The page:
Fact Check

Justin Mallory

Are McDonald's and Pizza Hut donating $1 per e-mail forward towards the medical care of Justin Mallory?

Published Nov. 7, 1999


Claim:   McDonald's and Pizza Hut will donate $1 towards the medical care of Justin Mallory, a 12-year-old epileptic, for every e-mail forwarded.

Status:   False.

Example:   [Collected on the Internet, 1999]

HELLO: My name is Justin Mallory. I am 12 years old and have epilepsy. I am undergoing treatment for my disease at the University of Pennsylvania Teaching Hospital. Without this treatment, the doctors tell me that I will not live another year. Through a donation with McDonalds and Pizza Hut these companies have agreed to donate $1 for every time this email is forwarded onto another person.

This means if 50,000 people forward on this email I will receive $50,000 in free medical treatment. Please, every single email can make a difference in my life. I beg you to help me by simply joining others before you in simply sending this email on to another. Thanks for your support.

Origins:   The "Justin Mallory" plea began circulating on the Internet in September 1999. In common with any number of other "for every e-mail forwarded (set amount) will be donated

towards the care of (name of sick child)" exhortations, the plea to aid Justin Mallory is also nothing more than smoke. There's no 12-year-old epileptic named Justin Mallory, no $1 per forward, and no McDonald's or Pizza Hut involvement.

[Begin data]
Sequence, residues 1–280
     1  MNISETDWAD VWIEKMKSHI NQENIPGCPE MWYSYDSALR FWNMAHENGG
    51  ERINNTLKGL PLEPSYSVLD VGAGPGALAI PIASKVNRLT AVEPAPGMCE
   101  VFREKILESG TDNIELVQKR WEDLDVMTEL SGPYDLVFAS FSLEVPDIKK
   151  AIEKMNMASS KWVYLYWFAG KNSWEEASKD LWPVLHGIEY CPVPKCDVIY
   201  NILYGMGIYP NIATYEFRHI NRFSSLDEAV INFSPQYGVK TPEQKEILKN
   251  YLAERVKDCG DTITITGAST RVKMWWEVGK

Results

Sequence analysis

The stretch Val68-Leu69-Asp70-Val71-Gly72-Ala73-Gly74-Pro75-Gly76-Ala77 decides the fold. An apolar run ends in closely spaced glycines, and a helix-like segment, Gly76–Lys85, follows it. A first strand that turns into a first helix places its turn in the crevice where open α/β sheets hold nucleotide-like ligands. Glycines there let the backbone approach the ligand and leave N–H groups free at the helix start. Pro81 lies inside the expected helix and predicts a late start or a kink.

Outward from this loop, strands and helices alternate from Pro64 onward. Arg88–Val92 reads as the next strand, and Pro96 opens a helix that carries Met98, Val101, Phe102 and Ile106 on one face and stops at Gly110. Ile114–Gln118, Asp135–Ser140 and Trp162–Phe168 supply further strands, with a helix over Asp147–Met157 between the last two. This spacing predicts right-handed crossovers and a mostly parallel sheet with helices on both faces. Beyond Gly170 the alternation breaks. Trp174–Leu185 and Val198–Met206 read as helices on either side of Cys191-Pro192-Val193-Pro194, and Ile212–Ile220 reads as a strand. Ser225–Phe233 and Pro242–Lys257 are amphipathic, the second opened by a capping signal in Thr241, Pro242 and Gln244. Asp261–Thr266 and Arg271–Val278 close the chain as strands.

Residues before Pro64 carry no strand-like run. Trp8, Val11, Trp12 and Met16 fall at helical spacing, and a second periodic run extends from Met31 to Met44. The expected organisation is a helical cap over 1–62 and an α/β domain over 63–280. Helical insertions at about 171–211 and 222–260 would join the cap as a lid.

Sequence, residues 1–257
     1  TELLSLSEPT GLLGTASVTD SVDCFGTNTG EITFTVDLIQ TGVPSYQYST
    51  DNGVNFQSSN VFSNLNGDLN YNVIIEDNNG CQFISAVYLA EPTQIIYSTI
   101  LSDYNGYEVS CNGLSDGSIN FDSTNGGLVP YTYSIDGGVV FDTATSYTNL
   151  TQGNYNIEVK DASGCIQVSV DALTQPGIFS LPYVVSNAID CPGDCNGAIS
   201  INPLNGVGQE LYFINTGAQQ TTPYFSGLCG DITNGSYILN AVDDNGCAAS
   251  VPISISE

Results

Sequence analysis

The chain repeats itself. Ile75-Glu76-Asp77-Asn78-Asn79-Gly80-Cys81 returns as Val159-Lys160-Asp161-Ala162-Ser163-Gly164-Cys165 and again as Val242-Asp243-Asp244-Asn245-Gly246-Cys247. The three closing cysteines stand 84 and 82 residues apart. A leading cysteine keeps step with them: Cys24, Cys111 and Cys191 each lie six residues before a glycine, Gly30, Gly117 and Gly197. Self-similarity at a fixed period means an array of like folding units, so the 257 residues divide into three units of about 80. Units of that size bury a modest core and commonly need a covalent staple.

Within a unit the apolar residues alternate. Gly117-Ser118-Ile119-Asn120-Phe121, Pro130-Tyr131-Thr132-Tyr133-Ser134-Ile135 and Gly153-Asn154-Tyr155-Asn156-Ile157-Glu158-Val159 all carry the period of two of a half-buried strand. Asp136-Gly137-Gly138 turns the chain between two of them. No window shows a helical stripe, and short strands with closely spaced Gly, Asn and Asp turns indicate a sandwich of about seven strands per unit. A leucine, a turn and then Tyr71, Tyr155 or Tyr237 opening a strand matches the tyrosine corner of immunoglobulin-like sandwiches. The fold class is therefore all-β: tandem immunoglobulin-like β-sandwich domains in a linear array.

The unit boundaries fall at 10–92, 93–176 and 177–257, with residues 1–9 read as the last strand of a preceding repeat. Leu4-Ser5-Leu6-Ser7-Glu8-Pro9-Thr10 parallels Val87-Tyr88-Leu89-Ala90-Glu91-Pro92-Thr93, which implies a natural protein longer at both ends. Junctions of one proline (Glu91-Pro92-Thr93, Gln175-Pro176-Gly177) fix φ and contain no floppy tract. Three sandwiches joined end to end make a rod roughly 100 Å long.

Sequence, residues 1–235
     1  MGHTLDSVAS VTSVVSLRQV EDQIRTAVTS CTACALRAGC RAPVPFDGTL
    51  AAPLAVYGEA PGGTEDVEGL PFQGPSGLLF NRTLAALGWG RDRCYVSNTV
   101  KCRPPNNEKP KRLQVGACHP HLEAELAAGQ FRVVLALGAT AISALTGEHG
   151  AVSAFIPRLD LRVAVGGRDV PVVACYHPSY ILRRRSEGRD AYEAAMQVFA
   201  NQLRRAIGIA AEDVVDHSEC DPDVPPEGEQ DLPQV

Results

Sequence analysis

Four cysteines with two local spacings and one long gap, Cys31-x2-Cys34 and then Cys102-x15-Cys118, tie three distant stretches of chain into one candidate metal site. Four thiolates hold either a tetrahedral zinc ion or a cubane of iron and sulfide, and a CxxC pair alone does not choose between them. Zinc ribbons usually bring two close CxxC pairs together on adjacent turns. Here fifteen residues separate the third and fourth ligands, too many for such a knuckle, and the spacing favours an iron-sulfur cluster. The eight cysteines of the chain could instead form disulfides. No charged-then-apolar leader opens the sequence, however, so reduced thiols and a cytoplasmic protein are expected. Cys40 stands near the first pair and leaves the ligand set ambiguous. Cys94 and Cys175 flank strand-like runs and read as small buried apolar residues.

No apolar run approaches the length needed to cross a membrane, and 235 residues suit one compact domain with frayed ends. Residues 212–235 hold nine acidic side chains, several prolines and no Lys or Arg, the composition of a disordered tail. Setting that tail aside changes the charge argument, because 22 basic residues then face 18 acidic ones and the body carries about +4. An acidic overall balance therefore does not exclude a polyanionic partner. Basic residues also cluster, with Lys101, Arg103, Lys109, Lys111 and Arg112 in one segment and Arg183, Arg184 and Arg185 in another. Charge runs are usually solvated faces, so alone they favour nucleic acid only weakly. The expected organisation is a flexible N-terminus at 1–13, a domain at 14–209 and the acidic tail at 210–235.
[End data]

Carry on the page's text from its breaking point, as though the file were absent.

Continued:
Everyone wants to help sick children get better, and the thought of a little boy or girl languishing in a hospital because people couldn't be bothered to forward an e-mail tugs straight at the heartstrings. Problem is, hoaxsters know that, and they play upon these very human drives for their personal amusement. Once again, that is the case here: all that well-intentioned forwarding does nothing towards helping a sick child. It does, however, make the day of some Internet prankster.

If you want to make a difference in a sick child's life, I'm afraid the only way is still the old-fashioned one: donate your money or your time, not a worthless e-mail.

Barbara "the reality check is in the e-mail" Mikkelson

Last updated:   27 March 2005

  Sources Sources:

    Estrada, Heron Marquez.   "False Missing-Child Report Floods Faribault Police, BCA with Calls."

    [Minneapolis] Star Tribune.   14 November 1999   (p. B6).

David Mikkelson founded the site now known as snopes.com back in 1994.